Tuesday, February 20, 2007

Lancelot Andrewes -- I Like 'Em

Lancelot was the Bishop of Chichester and then Winchester in early 17th Century England. He is one of the Caroline Divines -- a group of leaders in the Church of England during the reign of Charles I who emphasized the catholic nature of the Church of England. Although Andrewes was alive during Elizabeth's and James' reign, he is placed with the Caroline's because of his theology and churchmanship.

Lance was a brilliant guy. He was so good at Hebrew that he translated Genesis through 2 Kings of the Authorized Version (KJV). We now know some of his translations were imperfect. But hey, give the guy his props. He did what he could with what he had. The long life of the KJV attests to his intellectual prowess. I mean hey, could you do that?

He was also a man of deep piety. He wrote his own book of prayers for private prayer entitled the Precis Privatae. The original handwritten copy still exists and much of the writing is blurred by tear stains. I guess good repentance makes for good Christianity.

When writing about Holy Communion, Andrewes struck a typically Anglican position in contradistinction to the Roman view:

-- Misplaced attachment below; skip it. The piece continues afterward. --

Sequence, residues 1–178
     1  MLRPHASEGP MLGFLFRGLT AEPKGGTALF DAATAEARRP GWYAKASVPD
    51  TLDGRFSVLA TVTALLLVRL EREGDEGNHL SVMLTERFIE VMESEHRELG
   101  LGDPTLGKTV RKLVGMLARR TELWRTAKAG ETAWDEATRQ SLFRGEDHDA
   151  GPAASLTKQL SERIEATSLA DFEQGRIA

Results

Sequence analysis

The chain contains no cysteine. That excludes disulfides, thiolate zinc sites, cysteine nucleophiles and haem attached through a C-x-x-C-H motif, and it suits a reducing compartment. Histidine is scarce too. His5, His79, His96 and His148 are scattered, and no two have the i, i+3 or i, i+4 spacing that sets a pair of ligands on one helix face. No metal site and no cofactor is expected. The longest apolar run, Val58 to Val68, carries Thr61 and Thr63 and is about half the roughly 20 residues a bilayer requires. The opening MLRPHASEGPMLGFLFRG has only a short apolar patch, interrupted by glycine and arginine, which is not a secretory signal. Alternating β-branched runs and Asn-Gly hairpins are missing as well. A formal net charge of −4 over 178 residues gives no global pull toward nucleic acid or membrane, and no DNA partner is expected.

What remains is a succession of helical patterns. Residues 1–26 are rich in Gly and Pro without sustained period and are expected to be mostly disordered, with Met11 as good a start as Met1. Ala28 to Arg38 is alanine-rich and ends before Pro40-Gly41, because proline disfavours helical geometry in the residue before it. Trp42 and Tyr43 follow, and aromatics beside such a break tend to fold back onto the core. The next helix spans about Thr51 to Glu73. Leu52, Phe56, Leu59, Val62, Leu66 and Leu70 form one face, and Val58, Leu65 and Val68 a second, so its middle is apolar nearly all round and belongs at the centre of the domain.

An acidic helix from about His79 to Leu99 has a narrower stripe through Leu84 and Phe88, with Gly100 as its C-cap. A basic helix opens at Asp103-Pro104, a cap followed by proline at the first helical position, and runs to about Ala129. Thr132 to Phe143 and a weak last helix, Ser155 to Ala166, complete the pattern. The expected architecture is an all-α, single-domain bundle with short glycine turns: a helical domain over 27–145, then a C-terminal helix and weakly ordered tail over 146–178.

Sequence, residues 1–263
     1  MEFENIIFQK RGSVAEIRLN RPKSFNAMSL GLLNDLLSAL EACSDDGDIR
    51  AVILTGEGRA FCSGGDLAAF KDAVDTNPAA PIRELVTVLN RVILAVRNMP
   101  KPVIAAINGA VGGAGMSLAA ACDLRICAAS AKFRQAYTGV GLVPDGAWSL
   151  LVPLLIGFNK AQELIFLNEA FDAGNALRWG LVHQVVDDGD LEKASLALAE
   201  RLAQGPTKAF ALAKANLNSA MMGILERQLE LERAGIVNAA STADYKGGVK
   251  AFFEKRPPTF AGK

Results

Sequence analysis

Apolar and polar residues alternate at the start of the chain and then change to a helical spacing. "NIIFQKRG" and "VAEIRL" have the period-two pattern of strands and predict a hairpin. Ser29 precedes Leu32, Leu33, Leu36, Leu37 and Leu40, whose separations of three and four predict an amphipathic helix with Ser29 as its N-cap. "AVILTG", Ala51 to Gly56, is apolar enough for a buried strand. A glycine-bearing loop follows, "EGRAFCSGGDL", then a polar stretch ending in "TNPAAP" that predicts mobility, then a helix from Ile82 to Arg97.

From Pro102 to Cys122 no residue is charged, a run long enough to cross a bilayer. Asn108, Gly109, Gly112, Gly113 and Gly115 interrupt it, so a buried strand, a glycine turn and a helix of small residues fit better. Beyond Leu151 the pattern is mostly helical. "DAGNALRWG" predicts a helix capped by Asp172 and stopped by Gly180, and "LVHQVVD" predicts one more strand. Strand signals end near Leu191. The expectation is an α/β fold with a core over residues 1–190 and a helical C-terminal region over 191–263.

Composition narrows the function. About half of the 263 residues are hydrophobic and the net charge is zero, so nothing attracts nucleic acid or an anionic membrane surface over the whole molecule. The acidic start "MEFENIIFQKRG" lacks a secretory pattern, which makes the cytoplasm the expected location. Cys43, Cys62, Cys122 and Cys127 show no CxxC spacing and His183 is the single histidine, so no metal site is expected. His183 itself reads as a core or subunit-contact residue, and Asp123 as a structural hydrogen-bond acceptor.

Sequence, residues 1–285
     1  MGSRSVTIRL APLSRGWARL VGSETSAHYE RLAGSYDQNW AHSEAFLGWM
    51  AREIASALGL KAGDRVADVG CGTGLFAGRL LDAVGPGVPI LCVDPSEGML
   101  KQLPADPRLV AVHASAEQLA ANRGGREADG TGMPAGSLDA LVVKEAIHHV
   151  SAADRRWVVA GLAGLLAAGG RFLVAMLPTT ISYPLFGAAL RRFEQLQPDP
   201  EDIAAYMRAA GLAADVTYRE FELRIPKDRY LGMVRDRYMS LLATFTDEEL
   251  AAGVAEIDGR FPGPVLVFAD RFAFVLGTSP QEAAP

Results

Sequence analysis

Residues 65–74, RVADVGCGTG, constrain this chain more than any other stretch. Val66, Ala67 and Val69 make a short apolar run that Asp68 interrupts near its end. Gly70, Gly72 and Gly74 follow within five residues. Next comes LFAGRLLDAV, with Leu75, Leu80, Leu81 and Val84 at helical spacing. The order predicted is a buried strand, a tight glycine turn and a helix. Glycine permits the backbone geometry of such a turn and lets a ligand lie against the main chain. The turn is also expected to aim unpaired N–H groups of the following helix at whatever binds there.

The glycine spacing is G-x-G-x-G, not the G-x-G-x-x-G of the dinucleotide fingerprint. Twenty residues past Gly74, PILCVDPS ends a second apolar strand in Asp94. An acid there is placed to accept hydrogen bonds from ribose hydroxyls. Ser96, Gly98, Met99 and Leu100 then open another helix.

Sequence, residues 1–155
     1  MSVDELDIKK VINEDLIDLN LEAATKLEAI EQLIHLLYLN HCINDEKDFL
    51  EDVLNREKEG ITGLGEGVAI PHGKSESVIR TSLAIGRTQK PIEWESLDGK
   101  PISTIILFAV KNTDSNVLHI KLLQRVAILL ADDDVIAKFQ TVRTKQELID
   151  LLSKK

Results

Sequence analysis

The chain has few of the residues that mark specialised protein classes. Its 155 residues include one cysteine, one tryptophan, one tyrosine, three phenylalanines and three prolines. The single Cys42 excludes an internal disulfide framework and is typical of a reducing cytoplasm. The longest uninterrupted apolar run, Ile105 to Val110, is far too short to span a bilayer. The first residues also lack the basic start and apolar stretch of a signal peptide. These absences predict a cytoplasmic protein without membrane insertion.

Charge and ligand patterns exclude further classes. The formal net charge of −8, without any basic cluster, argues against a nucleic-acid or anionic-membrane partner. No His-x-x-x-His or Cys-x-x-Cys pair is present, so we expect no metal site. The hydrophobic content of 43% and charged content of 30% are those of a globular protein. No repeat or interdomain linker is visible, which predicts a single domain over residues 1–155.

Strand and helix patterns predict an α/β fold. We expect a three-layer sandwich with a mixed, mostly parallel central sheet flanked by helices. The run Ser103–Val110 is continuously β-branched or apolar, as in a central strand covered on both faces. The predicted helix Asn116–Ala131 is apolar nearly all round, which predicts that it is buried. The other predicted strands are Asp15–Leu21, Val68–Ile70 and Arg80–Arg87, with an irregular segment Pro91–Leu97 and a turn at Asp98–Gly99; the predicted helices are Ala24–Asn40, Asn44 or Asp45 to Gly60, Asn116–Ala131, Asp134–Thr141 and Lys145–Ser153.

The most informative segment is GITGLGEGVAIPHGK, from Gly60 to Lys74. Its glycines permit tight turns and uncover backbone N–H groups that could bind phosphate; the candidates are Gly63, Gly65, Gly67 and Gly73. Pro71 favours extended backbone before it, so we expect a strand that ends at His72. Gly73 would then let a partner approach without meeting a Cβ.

"As to the Real Presence we are agreed; our controversy is as to the mode of it. As to the mode we define nothing rashly, nor anxiously investigate, any more than in the Incarnation of Christ we ask how the human is united to the divine nature in One Person. There is a real change in the elements—we allow ut panis iam consecratus non sit panis quem natura formavit; sed, quem benedictio consecravit, et consecrando etiam immutavit." (Responsio, p. 263).


Adam Gonnerman said...

My Latin isn't great. What was he saying there?

Peter said...

Sorry -- I don't know a lick of Latin. :)

Robert Lancaster said...

I haven't taken Latin in almost 15 years but I think he is saying something like "the bread I consecrate is not the bread which is from nature"...or something like that.